FRAMINGHAM (02/21/2000) - Paul Charron, CEO of Liz Claiborne Inc., has an Internet strategy, but he won't let it jeopardize his core business. He spoke about the company's e-commerce philosophy with Computerworld senior editor Carol Sliwa at a recent National Retail Federation conference.
CW: How do you feel about selling Liz Claiborne-branded clothing over the Internet?
Charron: Channel conflict is a real problem. At present, we don't have any plans to sell over the Internet, but we have a very well-developed Web site that gives us a lot of consumer interaction. My challenge in the case of Liz Claiborne - which is in every department store in the country and in every lifestyle - is not to find more venues for the consumer to purchase Liz Claiborne. My challenge is to get the venues that I have more productive.
There are other brands in our portfolio that are not nearly as ubiquitous as Liz Claiborne. For example, Lucky Brand dungarees, a company we bought last June, is our pioneering brand [for selling via the] Internet. It gives us an opportunity to learn.
I think honestly that some of the most important decisions you can make about the Internet today are the things that you will not do, as opposed to simply the things that you'll do. There's tremendous pressure on people like myself to get to the Internet. I mean, every time you turn around, somebody's [saying] the Internet's going to take over the world. In all honesty, I don't think so.
It's going to be a big thing, and we're capitalizing on the Internet, but there are a lot more ways to use the Internet than simply enabling the consumer with a click of her mouse to purchase the outfit that you're wearing. . . . You can't tell how something's going to fit over the Internet.
CW: Are you ruling out the possibility of selling Claiborne products on the Internet?
Charron: No. You need to be flexible. We're not going to be hoist with the petard of our own principles. . . . Right now we're selling our Liz Claiborne brand on the Internet via Macys.com and Bloomingdales.com. We may sell other brands. Two, we're selling on the Internet via Lucky. Three, we have a number of other Internet approaches that we're simply not prepared to announce at the present time.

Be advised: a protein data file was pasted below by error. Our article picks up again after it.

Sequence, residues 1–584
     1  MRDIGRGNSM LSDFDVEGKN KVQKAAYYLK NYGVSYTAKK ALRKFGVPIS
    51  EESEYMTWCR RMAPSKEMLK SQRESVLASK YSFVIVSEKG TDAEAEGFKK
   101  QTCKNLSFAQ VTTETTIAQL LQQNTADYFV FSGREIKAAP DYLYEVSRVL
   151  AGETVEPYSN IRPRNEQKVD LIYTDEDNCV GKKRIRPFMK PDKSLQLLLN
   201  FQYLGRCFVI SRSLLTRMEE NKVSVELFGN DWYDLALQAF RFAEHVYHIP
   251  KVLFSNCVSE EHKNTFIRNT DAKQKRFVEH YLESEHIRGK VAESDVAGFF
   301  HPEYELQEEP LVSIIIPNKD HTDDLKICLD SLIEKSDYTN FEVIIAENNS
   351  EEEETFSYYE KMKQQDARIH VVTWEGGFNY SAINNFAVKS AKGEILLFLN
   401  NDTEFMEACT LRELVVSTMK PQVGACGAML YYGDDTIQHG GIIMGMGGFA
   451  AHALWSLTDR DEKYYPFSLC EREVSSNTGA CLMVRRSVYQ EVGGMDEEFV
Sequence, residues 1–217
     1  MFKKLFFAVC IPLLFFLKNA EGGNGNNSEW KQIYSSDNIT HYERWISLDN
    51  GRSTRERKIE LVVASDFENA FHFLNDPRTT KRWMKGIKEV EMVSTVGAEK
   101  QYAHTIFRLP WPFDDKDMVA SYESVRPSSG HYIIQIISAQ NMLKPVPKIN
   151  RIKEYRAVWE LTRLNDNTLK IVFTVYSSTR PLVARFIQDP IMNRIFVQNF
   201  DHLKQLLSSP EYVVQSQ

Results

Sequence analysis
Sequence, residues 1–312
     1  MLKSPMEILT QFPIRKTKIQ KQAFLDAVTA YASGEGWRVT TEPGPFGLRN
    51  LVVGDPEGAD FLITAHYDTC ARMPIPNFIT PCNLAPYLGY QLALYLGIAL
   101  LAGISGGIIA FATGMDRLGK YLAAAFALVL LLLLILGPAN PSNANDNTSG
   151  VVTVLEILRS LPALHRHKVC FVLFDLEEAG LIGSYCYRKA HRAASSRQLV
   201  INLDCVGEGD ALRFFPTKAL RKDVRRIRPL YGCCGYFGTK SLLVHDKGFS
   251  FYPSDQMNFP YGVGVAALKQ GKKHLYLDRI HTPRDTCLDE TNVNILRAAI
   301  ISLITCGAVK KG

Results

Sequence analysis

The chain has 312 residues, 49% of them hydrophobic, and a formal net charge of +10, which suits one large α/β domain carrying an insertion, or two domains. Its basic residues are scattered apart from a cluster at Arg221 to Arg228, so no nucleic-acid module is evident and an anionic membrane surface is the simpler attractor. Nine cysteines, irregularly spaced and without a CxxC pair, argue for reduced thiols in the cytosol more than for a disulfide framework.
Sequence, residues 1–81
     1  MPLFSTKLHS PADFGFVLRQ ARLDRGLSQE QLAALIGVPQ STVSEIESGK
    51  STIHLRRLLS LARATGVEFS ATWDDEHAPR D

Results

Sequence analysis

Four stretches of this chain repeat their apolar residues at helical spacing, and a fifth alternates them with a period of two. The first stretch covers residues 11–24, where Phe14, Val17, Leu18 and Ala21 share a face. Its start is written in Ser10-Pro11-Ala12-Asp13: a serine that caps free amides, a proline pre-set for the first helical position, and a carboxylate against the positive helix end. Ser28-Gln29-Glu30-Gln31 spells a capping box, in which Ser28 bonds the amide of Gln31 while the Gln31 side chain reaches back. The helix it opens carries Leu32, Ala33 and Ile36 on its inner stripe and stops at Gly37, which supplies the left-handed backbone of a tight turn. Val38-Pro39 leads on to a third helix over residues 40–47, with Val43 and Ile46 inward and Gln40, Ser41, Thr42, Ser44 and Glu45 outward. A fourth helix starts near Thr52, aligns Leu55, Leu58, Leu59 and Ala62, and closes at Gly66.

The data today [suggests] that for the next five years, the Internet sales in the U.S. are going to be transfer sales [from physical stores to online, with no increase in total sales]. So why do I need that?
We will have an Internet strategy that will be very commercial, beyond the strategies that we're now employing.
But clearly, what we're not going to do is build a massive site, put that on the [profit-and-loss statement]. And we're talking $9 million, $10 million, which for me is 9, 10 cents a share if I do it on the P&L. Now why in the hell would I do that, unless I was going to get an incredible return?
I can lose 9 to 10 cents a share, as I will in 2000, to successfully birth the Kenneth Cole brand, which is a new brand in women's wear that we've licensed that will extend my reach. And that Kenneth Cole brand will be $300 million in three years. Now, I don't think the Liz Claiborne brand, if I was to spend $9 million to $10 million [on an e-commerce site], is going to represent $300 million in incremental sales in three years. So it's really common sense.
Shareholders pay me to make money. They don't pay me to come with ideas that are going to have a return in 2020. I can invest money today that's going to generate a return in 2005. But I better cover it, because I've got to show consistent double-digit earnings growth quarter after quarter, year after year.
If I don't, the stock market will penalize me.
CW: Has the thought of spinning off a dot-com operation ever entered your head?
Charron: No. If it doesn't make sense for me to do with my core brand right now, I've got nothing to spin off.
CW: Do you think companies are in too much of a rush to get to the Internet?
Charron: I think everybody should have a response to the Internet. But an Internet strategy is not necessarily a rush to sell product on every one of your brands over the Internet next Tuesday. I think personally we're using the Internet a lot more effectively in extranets or intranets than we are in terms of selling stuff over the Web.
CW: How are you using Web technology to interact with your retailers?
Charron: We are working very closely with our key retail partners on something called Liz Link, which is an Internet-based order status system.
In addition, we're working with Saks Inc. on something called Liz@Market, which is a virtual showroom.
CW: How important is technology in your dealings with suppliers?
Charron: The ability to use technology is a very, very important capability in choosing suppliers. We've cut the number of suppliers we have in the last five years by 50 percent, despite the fact that we've doubled the number of units we source with the growth of the company.
It was a conscious decision on our part to stop going from country to country in search of an ever-decreasing labor cost. And instead, we work with people to drive more productivity and better communications and better relationships, better anticipation, common management and technology as the great enabler in that regard.